Based out of Falls Church, VA, Starranko is done a bit of an injustice by labeling him as simply a Rapper. His latest album, Wonderland, is going to solidify why it’s best to term him as a recording artist. The scope, diversity, and gravitas of this album was not something I expected to encounter during an afternoon workout. I found myself routinely pausing to focus intently on what I was hearing; transfixed, you could say. Starranko says that the album was written during and around the pandemic, and reflects the wide range of struggles humanity faced.
Starranko sets the tone of the album and kicks things off with the title track, featuring an elegant chorus by the mononym, Courtney. “ Welcome To Wonderland,” has a Yeezy texture to it, that is a theme throughout, as Starranko cites Kanye as a major influence. This may be the only track where you’ll hear Dionysus, Kate Bush, and Dua Lipa, referenced within seconds of one another. “The Funk,” lightens things up and lifts from Parliament and George Clinton. It also shows that Starranko is as capable of writing an innocuous pop song as he is deep and reflective material.
“America” may just be the centerpiece of Wonderland. It seems to reference the racial tensions ignited by the murder of George Floyd in the midst of the pandemic. With masterfully used samples, and thought provoking poetry, “America,” is on par with what Childish Gambino did Years ago. If there’s one song you absolutely must listen to from this record, it’s unquestionably, “America.” It goes a long way in explaining why Hip Hop is the biggest genre in music today.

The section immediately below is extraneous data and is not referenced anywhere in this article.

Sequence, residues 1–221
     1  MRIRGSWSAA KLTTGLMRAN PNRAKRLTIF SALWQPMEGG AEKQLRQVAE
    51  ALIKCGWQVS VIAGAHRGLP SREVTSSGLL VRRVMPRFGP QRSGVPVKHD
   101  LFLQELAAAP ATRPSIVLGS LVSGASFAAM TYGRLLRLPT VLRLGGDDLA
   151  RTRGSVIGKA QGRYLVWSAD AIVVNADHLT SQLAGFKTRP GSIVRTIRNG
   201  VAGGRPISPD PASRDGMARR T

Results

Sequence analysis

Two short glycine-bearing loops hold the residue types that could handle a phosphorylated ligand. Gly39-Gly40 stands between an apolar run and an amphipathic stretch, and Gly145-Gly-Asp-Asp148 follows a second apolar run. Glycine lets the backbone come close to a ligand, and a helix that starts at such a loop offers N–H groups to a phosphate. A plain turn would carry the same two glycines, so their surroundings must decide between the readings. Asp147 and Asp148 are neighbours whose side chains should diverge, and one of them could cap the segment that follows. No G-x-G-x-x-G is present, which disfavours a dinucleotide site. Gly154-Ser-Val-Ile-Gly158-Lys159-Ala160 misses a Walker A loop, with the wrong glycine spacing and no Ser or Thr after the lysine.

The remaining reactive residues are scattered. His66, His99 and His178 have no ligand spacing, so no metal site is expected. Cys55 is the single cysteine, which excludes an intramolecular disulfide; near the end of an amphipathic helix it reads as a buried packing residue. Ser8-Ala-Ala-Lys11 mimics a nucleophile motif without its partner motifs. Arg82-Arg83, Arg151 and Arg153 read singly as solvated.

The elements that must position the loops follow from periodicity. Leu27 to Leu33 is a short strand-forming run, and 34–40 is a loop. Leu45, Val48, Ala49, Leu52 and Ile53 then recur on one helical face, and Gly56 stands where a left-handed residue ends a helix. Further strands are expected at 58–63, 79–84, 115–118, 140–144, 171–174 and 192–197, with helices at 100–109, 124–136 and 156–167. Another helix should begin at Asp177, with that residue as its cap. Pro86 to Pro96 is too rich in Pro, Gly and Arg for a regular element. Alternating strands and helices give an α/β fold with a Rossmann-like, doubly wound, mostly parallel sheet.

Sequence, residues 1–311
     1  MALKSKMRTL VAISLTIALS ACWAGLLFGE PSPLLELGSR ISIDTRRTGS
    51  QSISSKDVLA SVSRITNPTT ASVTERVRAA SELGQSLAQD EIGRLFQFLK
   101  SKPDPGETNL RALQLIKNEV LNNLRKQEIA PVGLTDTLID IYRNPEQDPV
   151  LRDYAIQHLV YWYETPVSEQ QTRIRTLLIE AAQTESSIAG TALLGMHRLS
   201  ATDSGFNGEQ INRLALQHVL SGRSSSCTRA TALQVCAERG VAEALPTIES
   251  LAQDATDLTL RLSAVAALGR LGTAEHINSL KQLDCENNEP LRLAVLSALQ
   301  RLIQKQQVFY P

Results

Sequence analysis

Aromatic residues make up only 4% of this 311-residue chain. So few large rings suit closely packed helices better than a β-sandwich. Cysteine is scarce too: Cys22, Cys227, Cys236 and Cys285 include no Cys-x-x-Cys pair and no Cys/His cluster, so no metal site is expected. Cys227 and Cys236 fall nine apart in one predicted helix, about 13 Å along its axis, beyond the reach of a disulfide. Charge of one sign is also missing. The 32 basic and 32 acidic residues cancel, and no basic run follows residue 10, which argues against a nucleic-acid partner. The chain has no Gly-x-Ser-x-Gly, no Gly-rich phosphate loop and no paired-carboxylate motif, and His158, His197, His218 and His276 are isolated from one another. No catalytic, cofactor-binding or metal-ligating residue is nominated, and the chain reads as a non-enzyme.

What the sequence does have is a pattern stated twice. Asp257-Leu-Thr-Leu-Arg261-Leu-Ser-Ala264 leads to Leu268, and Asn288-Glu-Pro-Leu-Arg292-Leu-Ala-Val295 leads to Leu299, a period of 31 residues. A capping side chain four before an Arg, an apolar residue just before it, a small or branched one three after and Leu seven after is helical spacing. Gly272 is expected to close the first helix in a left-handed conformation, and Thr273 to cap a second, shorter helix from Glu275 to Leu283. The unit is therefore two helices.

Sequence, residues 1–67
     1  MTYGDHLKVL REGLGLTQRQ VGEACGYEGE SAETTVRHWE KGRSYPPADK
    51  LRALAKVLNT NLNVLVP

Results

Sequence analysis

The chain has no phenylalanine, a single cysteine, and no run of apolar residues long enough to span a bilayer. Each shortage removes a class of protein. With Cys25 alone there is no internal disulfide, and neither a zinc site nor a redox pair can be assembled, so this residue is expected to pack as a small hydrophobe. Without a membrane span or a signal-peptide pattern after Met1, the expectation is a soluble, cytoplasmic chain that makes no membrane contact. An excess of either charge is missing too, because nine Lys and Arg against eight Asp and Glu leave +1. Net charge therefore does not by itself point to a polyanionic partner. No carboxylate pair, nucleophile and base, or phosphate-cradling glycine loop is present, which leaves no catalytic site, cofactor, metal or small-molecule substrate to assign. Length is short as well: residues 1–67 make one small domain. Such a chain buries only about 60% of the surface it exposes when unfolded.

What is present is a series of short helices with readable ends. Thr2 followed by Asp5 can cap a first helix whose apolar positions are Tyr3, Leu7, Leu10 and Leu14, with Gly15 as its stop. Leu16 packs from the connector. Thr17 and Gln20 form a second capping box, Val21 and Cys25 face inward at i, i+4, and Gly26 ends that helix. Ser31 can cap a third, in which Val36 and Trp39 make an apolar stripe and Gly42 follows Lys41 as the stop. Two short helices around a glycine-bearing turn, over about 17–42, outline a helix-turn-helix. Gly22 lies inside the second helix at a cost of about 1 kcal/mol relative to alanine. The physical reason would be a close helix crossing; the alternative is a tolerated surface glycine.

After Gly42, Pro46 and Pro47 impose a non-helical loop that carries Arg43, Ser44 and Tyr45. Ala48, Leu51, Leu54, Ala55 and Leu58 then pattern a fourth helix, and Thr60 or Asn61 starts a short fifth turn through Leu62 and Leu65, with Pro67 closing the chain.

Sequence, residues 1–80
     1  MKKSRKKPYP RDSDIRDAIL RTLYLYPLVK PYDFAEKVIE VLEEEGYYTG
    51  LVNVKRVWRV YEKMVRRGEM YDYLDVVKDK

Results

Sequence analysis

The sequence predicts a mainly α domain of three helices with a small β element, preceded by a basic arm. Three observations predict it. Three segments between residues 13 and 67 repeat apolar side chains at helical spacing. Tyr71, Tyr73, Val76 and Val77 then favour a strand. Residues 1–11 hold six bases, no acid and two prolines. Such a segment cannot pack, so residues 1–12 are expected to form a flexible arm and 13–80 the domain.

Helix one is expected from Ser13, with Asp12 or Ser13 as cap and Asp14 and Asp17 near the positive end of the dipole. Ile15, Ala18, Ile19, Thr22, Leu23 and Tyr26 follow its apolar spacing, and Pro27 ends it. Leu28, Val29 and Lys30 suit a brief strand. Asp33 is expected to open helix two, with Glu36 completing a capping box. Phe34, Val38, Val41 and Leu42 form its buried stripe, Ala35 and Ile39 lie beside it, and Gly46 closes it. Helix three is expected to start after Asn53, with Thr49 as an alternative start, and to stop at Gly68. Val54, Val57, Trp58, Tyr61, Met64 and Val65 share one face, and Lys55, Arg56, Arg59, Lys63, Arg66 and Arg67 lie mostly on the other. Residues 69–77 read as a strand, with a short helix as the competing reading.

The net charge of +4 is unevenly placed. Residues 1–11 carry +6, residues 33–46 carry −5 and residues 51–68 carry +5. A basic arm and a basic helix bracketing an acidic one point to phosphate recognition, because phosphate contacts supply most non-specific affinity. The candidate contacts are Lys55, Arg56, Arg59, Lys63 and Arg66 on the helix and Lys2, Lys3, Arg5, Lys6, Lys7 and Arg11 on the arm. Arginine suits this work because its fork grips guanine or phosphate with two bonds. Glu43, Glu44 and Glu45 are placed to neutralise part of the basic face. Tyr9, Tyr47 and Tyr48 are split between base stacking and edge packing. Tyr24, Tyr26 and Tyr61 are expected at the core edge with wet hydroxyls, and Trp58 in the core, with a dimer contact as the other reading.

“Rabbit Hole” is a more on the surface piece that flexes Starranko’s considerable rapping skills. Leaning into a few cliches, this one also suffers from being a bit repetitive. On the contrary, the atmospheric “Where They Do That At,” leaves you wanting more. The chorus is hypnotic on this one, and ambiguous in a positive sense. It’s the type of song that is open to endless interpretation and a standout on the album.
“Bandz,” once again echoes Kanye West, in this case even more blatantly. This track is something of a mirror image to West’s, “Black Skinhead.” Not a bad song, but ultimately not as memorable as others on the album. “We’re All Mad Here,” also pulls from Kanye, but Starranko makes this one his own. A furious concoction of beats, vocal effects, bass and yes, guitar, make this one a musical melting pot.
With the obvious Alice references, Wonderland is a continuation of the original idea of madness and absurdity. Starranko understands his job is to reflect the world he lives in and how he sees it from his own eyes; a perspective only he can provide. While one could accuse him of being overwhelmed by his influences, his content overshadows any trite comparisons, even if they’re accurate. Wonderland stands on its own as an eclectic, sprawling and inspired effort. The album’s official release date is on October 21st, 2022.